Monday, July 7, 2014

Running at 39 Weeks

Some honesty: I'd hoped I would have delivered this baby by now.

I think most women hope that, especially by this point. And especially in the summer. You're large, uncomfortable, sweating like crazy, constantly hungry, and plagued with heartburn. You're tired of wearing maternity clothes, and probably down to fewer outfits. And since babies are considered full-term by this point, you'd love it if the baby would go ahead and get here.

But since I'm still pregnant, I'm making the most of it. For me, that means continuing to run and go for long walks in the desert with my husband and the dogs--walks we won't be able to take when the baby arrives because mesquite thorns would instantly puncture the tires of our jogging stroller. And it also means spending a good amount of time on the couch with my feet propped up, making excellent progress on my reading list.

The belly just keeps growing.

Running at this point is slow, so very slow. But I almost (almost!) don't mind, because it feels like such an accomplishment. I didn't think I would still be running at this point. Or, at least, I was afraid to hope I would.

The maternity support belt is still my best friend, and I'm glad I bought the medium instead of the small, because it almost doesn't fit anymore, though I haven't really gained any extra weight. Round ligament pain is something I'm still dealing with, but (during the run, at least) it goes away after the first few minutes. It reappears later in the day, however, especially if I don't cool down properly or I forget to stretch afterward.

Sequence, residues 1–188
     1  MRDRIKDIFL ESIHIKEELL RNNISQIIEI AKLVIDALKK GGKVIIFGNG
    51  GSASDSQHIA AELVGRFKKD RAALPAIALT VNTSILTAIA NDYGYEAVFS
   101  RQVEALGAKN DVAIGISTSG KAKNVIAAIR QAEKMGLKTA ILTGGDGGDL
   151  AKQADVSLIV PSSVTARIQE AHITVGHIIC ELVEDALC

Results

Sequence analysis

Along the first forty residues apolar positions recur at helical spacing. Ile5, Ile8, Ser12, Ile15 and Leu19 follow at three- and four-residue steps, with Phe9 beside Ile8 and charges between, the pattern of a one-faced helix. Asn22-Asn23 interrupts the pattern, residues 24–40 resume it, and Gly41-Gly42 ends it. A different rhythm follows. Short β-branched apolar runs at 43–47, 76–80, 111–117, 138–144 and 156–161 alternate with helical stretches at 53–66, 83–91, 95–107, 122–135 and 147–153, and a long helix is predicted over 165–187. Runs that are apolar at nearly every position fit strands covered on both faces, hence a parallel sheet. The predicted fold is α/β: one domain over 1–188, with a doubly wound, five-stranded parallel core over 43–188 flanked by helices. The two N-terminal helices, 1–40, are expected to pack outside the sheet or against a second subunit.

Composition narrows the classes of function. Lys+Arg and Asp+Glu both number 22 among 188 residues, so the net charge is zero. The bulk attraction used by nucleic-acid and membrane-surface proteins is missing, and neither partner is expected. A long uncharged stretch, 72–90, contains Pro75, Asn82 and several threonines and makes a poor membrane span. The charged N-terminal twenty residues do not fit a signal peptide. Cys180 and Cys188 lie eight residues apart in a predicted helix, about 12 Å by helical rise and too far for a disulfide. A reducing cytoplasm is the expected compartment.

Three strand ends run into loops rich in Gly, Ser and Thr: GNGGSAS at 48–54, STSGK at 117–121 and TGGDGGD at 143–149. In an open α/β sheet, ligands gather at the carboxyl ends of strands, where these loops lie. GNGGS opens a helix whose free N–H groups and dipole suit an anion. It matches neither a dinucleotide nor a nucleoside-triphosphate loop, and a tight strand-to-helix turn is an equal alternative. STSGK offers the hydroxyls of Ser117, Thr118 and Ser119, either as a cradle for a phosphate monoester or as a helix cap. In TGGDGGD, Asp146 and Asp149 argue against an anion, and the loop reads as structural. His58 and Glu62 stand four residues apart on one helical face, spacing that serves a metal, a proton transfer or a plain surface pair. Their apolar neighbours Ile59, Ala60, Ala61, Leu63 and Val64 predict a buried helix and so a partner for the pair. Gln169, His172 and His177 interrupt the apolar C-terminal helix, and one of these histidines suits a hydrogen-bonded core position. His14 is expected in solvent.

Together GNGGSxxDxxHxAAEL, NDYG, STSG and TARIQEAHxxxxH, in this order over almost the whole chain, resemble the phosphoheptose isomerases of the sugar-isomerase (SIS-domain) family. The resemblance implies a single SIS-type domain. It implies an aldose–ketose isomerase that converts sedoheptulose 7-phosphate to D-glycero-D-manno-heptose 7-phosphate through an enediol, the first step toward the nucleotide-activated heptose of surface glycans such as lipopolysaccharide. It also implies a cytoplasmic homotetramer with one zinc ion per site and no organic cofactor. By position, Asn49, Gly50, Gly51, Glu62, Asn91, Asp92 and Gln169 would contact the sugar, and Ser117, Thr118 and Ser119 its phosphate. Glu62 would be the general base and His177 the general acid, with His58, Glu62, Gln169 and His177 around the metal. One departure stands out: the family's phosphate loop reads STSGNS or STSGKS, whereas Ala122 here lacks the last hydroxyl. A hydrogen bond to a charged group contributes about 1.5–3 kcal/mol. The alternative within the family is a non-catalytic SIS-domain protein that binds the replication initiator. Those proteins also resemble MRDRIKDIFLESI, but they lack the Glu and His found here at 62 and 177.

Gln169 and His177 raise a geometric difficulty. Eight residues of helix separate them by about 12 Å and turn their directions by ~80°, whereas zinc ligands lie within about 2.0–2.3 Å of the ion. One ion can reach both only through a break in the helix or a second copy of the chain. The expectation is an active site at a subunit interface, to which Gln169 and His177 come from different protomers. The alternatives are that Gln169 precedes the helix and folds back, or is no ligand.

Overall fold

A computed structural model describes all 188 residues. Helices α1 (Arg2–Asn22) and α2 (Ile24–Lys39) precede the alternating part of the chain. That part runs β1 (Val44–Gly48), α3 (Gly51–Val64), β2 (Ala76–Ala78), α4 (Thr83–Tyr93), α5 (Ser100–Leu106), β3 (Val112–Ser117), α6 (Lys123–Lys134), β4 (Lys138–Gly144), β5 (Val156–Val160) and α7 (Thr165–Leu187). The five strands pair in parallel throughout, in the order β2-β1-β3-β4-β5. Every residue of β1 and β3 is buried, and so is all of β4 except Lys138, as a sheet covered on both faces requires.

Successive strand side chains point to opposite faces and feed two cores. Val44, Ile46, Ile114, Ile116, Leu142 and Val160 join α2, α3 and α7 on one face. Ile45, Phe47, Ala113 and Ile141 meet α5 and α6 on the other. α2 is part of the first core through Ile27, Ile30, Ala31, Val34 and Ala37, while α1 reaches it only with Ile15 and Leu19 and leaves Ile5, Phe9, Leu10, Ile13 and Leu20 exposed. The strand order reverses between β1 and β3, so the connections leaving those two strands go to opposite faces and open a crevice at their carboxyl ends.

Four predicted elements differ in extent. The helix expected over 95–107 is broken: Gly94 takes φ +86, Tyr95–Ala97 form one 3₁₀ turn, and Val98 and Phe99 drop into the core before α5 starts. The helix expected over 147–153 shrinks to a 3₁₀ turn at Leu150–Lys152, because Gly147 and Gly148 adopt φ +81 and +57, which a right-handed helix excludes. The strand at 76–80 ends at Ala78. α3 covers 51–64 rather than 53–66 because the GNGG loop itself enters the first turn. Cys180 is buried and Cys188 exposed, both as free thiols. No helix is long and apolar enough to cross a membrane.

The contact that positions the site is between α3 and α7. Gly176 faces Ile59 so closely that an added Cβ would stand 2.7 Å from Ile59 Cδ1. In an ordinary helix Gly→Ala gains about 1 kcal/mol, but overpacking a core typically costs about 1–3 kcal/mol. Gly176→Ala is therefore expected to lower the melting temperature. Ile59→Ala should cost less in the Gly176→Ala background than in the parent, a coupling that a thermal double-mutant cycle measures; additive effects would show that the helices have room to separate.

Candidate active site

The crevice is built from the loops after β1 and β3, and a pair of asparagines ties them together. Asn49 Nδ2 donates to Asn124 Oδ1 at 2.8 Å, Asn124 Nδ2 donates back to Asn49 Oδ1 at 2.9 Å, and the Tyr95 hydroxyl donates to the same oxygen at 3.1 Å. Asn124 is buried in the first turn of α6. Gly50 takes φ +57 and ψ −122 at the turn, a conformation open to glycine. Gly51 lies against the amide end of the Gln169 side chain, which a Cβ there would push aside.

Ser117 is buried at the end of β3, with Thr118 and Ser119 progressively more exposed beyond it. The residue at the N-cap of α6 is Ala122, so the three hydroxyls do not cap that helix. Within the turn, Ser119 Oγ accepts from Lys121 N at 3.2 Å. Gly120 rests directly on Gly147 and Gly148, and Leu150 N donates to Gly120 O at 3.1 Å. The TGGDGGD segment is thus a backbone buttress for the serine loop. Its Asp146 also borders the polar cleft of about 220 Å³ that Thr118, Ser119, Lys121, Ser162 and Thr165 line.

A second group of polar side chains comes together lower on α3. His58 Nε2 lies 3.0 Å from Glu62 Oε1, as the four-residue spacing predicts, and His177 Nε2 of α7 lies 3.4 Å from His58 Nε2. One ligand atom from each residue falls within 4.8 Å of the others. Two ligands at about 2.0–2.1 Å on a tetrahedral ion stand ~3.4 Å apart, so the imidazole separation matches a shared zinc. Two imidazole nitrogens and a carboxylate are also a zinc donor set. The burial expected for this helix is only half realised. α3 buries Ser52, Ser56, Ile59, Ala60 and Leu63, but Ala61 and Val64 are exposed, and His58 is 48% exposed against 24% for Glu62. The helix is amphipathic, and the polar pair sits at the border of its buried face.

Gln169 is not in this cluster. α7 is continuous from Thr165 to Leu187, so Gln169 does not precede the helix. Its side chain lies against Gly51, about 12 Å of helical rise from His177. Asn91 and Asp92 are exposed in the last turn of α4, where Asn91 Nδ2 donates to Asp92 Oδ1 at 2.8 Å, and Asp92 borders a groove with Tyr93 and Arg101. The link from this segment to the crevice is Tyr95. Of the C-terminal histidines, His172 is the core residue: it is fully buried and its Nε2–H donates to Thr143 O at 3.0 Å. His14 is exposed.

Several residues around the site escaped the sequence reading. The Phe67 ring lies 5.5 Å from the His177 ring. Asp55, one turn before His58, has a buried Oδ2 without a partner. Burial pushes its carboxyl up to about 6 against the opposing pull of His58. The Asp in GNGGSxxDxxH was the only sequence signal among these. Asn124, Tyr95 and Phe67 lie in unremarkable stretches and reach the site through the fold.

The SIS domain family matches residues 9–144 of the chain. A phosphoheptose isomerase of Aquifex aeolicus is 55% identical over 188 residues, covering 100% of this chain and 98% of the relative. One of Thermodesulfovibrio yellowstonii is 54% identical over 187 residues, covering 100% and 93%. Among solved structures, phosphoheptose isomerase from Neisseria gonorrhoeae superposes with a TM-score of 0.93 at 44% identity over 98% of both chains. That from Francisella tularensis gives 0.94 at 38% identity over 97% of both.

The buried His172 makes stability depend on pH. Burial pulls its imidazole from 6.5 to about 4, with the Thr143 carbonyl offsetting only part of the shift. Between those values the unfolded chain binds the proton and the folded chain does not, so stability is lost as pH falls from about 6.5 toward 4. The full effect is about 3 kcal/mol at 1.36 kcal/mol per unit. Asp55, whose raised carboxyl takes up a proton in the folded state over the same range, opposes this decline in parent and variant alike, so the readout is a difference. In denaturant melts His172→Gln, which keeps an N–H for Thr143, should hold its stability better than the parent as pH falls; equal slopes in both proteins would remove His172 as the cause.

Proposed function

Tips for running late in the third trimester:

  • Take your phone. For your own peace of mind, and for that of your loved ones. Especially if any of them are skeptical about your running.
  • Be flexible. Some runs are going to be great. Some are going to be uncomfortable. And some are going to come with pain that means you should stop. So stop. Walk. Try again. If it hasn't improved, be content with walking that day, or spend some time on a stationary bike.
  • Stay close to home. You never know when you'll have to interrupt a run or cut it short due to discomfort or the urgent need for a restroom.
  • Be terrain-aware. Even if you're used to running on rugged trails, you might want to stick to the pavement at this point, or at least be very careful of your footing. I didn't believe all the warnings about how your balance changes until I felt it happen to me. Go slowly and watch your step.
  • Be proud of yourself! Running this late in the pregnancy game (or getting any kind of exercise) is an achievement, and one that you'll thank yourself for after the baby arrives and it's time to build up your fitness again.

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